In my blog "Finding and Keeping a Job" which was posted on July 13, 2008, [Ctrl+Click to see this blog] we talked about the fact that in recovery it is often best if we measure our functionality in relative terms, i.e. How did we do today in comparison with the day before? We also discussed the fact that for society it is necessary to measure functionality in absolute terms, for example: Is the airline employee piloting the plane on which I'm riding certified to fly the type of airplane being used? Either the person is, or is not, certified. If the pilot is not certified, I would take a different flight.
In my blog "The 800 Pound Gorilla" which was posted on July 20/21 of July, 2008, [Ctrl+Click to see this blog] we talked about the fact that, whether or not it is discussed in our job interview(s), economics is always an important issue in finding the right job. It is an issue that we cannot ignore.
In my blog "Finding a Job - Critical Answers" which was posted last week on July 27, 2008, [Ctrl+Click to see this blog] we discussed the fact that a successful job search always starts with a little soul searching; that one of the best ways to do this is to ask ourselves a few pointed questions; and, finally, that the nature of our answers to these questions is critical.
First, our answers to these questions must be our own, i.e. they must be honest answers (not what someone else believes about us or wants for us). Second, the answers must reflect our dreams and yet be realistic. Third, each answer must take into account our tolerance for risk. We must explicitly weigh the value and cost of obtaining and performing a specific job, including the cost of what we may have to give up, in contrast with the costs of having no job.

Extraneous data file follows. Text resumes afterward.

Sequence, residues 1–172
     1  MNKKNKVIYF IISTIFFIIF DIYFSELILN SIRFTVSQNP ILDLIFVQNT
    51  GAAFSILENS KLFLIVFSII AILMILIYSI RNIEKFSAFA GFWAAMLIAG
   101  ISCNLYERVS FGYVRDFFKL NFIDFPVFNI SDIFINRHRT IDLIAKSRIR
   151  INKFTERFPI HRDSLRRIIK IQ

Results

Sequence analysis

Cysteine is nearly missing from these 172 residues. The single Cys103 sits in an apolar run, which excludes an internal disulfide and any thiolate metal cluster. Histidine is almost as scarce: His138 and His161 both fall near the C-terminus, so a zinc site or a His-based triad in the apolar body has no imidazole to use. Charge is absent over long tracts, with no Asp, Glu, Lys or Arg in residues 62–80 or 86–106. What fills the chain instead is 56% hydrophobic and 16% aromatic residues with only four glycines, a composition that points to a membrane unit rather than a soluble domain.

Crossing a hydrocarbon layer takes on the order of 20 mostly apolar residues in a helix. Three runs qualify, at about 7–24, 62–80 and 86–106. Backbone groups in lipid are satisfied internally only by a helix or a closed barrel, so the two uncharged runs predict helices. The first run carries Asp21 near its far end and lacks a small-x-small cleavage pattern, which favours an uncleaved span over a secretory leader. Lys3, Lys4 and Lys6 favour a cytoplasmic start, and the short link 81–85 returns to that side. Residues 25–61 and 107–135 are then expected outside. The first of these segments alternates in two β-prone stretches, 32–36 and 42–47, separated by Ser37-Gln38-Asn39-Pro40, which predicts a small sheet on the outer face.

I also warned that although the questions may seem simple enough, if our answers are to meet the above criteria, these may be anything but simple.
Question #1 - Why do you want to find a job, i.e. why do you want to work?
[Instructions: Select all, but only, the reasons that apply in your case. Make each of your selections by marking it with a number from 1 to 10. Marking a selection with a 10 indicates the reason selected is of great importance; marking it with a 1 indicates the selection is of concern to you but of relatively little importance. Different reasons may be of equal importance, so more than one selection may be marked using the same number.]
____You need the money to -
____ Establish your financial independence.
____ Obtain better housing
____ Pay for medications
____ Cover medical expenses.
____ Cover day to day living expenses.
____ Supplement entitlement income [Please circle one - SSI or SSDI ]